39
 The ISO (International Standards
Organization) has created a layered model,
called the OSI (Open Systems Interconnect)
model.
 The purpose of the layers is to provide clearly
defined functions that can improve
Internetwork connectivity between
"computer" manufacturing companies.
 Each layer has a standard defined input and a
standard defined output.
7 layers of the OSI Model
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 7. Application Layer (Top Layer)
 6. Presentation Layer
 5. Session Layer
 4. Transport Layer
 3. Network Layer
 2. Data Link Layer
 1. Physical Layer (Bottom Layer)
7 layers of the OSI Model
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Information Exchange Process
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Data Communication Network
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 The major criteria that a data communication
network must meet are:
–Performance
–Consistency
–Reliability
–Recovery
–Security
Performance
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– Software program
 Performance is the defined as the rate of
transference of error-free data.
 It is measured by the response time.
 Response time is the elapsed time between
the end of an inquiry and the beginning of a
response
– Example requesting a file transfer and starting the
file transfer.
 Factors that affect response time are:
– Number of Users:
– Transmission Speed:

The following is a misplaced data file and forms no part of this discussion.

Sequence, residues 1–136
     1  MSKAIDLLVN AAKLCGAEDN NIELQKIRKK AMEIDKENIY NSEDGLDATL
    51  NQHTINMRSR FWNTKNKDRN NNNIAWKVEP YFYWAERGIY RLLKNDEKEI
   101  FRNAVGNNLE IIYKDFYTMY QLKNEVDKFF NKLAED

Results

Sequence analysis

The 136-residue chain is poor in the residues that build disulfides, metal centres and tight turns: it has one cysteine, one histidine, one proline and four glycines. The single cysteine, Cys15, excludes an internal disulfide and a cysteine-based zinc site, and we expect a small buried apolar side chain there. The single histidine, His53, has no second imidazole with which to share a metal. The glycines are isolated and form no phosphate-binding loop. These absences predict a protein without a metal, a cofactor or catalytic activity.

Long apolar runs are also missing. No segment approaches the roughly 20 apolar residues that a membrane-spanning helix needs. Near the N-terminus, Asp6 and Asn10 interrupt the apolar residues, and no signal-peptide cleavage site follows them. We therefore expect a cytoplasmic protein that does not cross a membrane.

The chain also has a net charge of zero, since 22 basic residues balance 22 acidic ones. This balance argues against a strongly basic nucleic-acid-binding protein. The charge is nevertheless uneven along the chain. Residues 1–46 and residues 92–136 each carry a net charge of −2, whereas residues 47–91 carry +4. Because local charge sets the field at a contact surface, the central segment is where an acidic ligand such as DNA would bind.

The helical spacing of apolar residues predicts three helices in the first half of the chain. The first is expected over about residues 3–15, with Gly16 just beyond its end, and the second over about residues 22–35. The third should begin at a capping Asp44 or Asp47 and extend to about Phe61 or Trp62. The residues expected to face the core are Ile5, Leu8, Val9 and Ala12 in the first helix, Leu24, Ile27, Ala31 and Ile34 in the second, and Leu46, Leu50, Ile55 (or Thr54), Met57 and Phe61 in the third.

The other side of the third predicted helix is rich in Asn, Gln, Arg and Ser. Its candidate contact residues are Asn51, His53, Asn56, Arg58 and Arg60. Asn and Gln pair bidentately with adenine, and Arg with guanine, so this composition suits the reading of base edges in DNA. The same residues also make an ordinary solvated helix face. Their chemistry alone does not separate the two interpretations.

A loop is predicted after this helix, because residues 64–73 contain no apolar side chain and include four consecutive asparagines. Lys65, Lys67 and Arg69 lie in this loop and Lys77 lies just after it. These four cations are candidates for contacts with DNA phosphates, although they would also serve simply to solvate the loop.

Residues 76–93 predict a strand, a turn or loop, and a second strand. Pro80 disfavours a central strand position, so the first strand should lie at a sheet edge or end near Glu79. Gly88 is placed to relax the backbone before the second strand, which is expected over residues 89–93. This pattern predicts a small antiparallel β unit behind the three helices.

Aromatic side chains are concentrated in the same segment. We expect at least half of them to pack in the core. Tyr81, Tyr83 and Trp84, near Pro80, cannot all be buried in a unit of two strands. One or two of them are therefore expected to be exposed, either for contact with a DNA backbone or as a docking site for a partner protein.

– Hardware Type:
Consistency
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 Consistency is the predictability of response
time and accuracy of data.
– For example, if the "normal" response time is 3
seconds for printing to a network printer but a
response time of over 30 seconds occurs, we know
that there is a problem in the system!
Reliability
47
 Reliability is the measure of how often a
network is usable.
 MTBF (Mean Time Between Failures) is a
measure of the average time a component is
expected to operate between failures, and is
normally provided by the manufacturer.
 A network failure can be caused by a problem
with the hardware, the data carrying medium,
or the Network Operating System.
Recovery
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 Recovery is the network's ability to return to a
prescribed level of operation after a network
failure.
 This level is where the amount of lost data is
nonexistent or at a minimum. Recovery is
based on having back-up files.
Security
49
 Security is the protection of hardware,
software and data from unauthorized access.
 Restricted physical access to computers,
password protection, limiting user privileges
and data encryption are common security
methods.
 Anti-virus monitoring programs to defend
against computer viruses are also a security
measure.
Application
50
 Electronic Mail (e-mail or Email)
 Teleconferencing allows people in different
regions to "attend" meetings using telephone
lines.
 Automated Banking Machines allow banking
transactions to be performed everywhere
 Groupware is the latest network application. It
allows user groups to share documents,
schedules databases, etc. (ex. Lotus Notes)
Physical Connection
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 The physical connection determines how many
bits (1's or 0's) can be transmitted in a single
instance of time.
 If only 1 bit of information can be transmitted
over the data transmission medium at a time
then it is considered a serial communication.
 If more than 1 bit of information is transmitted
over the data transmission medium at a time
then it is considered a parallel communication.
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Communications
53
Advantages
 Parallel : faster
transfer rates
 Serial : long
distances
Disadvantages
 Parallel: short
distance only
 Serial : slow transfer
rates
Transmission Media- Guided
54
There are 2 basic categories of transmission
media: guided and unguided.